Former Reserve Bank of India Governor Raghuram Rajan and former Deputy Governor Viral Acharya have together advised a "deep surgery" for Indian banks by trying to put the stressed firms back on track rather than simply applying band aids of short-term fixtures.
A jointly authored paper by the duo has advocated an overhaul of the bad loan management system, privatisation of public sector banks, and doing away with the Department of Financial Services in government.
Rahuram Rajan and Viral Archarya have argued in the paper that although India has a low credit to GDP ratio, the country's banking system "has among the highest gross non-performing assets (GNPA) to total assets ratio globally." Suggesting three steps to tackle the menace of bad loans, the former bankers proposed:-
1. Out-of-court restructuring frameworks that can be designed for time-bound negotiations between creditors of a stressed firm, failing which National Company Law Tribunal (NCLT) filing should apply.
2. Development of an online platform for distressed loan sales to provide real-time transparency in loan sales.
3. Private asset management and national asset management "bad banks" should be encouraged in parallel to the online platform for distressed loan sales.
Why recognise bad loans?
Explaining the need to recognise bad loans, the duo opines that the first step to deal with bad loans - the key overhang of the banking sector is "an honest recognition of loan losses."
The banks can "put the stressed firm back on track rather simply applying band aids", they say
If banks write the existing loans down, and the promoter as well other stakeholders of a firm, such as local government and tariff authorities, bring in more equity, it (the firm) may have a strong chance of revival.
The former bankers further state that "the promoter, in addition, will be incentivised to try his utmost to put the company back on track. This way, the bank can recover more through an effective restructuring, even if it writes down the face value of its loans."
However, the duo expresses that in order to do the deep surgery such as reducing loan interest rates, converting some portion of the loans to equity, and writing down loans, the banks have to first recognise it (NPAs) as a problem, i.e., they have to classify the assets as NPAs (non-performing assets).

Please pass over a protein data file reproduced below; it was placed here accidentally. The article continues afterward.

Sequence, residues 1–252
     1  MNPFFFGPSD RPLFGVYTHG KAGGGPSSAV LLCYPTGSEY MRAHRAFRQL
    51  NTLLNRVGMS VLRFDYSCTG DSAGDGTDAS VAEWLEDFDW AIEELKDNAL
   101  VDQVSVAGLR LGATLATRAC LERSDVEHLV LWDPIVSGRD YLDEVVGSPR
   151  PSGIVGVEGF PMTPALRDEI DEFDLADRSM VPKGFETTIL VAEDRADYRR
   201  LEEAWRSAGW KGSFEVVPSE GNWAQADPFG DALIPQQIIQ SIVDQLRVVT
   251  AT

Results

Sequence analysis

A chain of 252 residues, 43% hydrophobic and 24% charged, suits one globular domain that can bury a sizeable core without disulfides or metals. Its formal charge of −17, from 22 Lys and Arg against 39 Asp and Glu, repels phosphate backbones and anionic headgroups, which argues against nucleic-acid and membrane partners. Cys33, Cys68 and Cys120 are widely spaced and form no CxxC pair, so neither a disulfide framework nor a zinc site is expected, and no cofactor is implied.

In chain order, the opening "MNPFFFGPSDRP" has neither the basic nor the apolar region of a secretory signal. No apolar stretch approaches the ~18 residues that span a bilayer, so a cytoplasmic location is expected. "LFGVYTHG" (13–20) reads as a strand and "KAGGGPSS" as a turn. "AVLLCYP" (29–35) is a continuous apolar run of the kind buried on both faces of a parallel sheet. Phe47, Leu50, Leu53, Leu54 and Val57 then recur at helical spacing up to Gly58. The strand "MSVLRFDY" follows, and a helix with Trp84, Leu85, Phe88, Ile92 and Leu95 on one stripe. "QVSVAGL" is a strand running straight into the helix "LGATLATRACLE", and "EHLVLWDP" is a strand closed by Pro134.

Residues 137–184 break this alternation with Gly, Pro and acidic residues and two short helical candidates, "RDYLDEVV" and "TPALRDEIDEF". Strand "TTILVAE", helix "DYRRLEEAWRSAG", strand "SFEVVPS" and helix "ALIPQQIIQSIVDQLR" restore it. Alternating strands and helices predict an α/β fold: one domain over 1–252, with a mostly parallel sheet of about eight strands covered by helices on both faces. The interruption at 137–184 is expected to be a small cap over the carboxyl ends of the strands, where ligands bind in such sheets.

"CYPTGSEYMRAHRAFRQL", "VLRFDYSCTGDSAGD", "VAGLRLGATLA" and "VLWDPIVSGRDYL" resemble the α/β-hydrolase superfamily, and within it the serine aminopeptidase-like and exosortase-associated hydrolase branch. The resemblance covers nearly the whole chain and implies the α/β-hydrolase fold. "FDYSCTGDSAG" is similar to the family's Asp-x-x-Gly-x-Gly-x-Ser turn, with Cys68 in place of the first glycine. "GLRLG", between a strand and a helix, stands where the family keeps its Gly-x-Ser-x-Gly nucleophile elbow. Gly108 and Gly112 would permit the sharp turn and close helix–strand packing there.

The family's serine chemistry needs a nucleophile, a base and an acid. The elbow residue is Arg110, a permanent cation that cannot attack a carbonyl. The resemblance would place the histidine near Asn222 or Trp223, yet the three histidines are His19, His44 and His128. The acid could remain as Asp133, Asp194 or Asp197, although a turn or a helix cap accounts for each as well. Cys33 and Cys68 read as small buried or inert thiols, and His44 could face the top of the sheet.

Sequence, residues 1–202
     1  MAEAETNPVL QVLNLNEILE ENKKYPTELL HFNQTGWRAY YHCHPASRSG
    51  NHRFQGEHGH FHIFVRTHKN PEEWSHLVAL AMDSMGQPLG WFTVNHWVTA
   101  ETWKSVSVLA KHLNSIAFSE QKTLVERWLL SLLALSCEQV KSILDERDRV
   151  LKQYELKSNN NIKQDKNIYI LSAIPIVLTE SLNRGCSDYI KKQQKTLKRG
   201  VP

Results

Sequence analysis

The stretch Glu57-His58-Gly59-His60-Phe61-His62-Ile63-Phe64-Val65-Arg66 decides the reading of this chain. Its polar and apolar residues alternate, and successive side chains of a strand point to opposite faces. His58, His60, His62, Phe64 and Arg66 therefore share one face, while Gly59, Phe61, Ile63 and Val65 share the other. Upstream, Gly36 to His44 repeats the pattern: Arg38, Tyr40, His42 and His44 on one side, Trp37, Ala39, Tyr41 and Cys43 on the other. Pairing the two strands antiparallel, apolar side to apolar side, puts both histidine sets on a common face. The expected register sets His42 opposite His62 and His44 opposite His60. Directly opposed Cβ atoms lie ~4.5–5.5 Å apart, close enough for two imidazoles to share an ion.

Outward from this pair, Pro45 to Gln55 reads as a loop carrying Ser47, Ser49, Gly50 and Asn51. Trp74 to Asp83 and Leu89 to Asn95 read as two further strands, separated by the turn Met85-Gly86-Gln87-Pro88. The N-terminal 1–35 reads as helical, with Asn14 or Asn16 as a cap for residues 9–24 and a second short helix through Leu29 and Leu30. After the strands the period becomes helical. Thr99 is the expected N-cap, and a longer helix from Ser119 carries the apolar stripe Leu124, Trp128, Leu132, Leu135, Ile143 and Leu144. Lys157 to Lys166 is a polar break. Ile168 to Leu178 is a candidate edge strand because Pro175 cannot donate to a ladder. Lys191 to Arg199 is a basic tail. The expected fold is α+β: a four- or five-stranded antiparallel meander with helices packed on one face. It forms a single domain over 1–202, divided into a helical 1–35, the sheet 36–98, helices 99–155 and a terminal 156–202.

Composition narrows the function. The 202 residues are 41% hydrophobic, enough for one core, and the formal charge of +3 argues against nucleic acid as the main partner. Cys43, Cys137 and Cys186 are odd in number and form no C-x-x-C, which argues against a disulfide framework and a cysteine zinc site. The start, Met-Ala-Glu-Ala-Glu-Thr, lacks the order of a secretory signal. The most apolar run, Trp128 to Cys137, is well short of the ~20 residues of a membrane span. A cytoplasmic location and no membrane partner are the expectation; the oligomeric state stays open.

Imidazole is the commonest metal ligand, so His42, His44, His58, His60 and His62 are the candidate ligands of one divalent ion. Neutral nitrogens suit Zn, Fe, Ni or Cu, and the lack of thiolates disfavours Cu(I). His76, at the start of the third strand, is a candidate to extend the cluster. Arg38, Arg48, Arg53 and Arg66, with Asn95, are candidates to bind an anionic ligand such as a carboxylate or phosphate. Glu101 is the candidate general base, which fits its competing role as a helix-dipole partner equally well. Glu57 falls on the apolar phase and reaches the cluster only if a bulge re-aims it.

They further enunciate that the NPA classification should be thought of as an "anesthetic" that allows the banks to perform extensive necessary surgery to set the firms back on their feet.
The former bankers state in paper that if banks want to pretend that everything is all right with the loans, then they can only apply band aids such as extending the terms (of loans).
However, if they (banks) want to take a drastic action then that would require NPA classification, which is accompanied by provisioning, as it ensures the banks set aside a buffer to absorb likely losses.
The duo highlight that in case the losses materialise, the banks don't need to write back past provisioning for profits, and if they materialise, then they (banks) don't need to suddenly declare a big loss, the banks can rather offset the losses against the prudential provisions they have made.
The former bankers note that this way the banks' balance sheets would represent a true and fair picture of their health.
The duo also suggest that a timely provisioning also gives bankers the incentive to "deal with the root cause problem at an early stage."
NPAs a stigma
The stigma associated with NPAs in India has very real consequences, Raghuram Rajan and Viral Acharya point out in the paper adding that Indian bankers are particularly "reluctant to make further loans to a firm whose loans have been declared NPA."
This, the duo says, happens even though the RBI has no regulation prohibiting such lending. The PSBs claim that the reason why they hesitate in extending loans to such firms is the fear of being hauled by the investigative authorities.
Hence, the former bankers express that the whole process of recognising and restructuring bad loans is fraught with fear. Bankers don't want to recognise a loan that has gone bad and they don't want to lend to a distressed borrower.
NCLT to the rescue
Raghuram Rajan and Viral Acharya further state in the paper that the National Company Law Tribunal (NCLT) offers a way for the responsibility for restructuring to be taken out of the hands of the bankers. They explain that the NCLT, essentially, appoints an insolvency resolution professional who conducts an auction for the distressed firm and its assets and pays the proceeds to claimants.
Since the tribunal conducts the auction, bankers have been off the hook in deciding how much of a write-down they must take. In the wake of these concerns, an important advantage of the NCLT is that it takes into its fold all creditors of the borrowers while resolving a default.
Given the increasing role of non-bank creditors, such as insurance companies, debt mutual funds, and their respective regulators, in the financing of large corporations, the former bankers note that there is a good rationale "to keep NCLT open as a viable option for restructuring, even during the current pandemic, with possibly tight controls on eligibility of borrowers."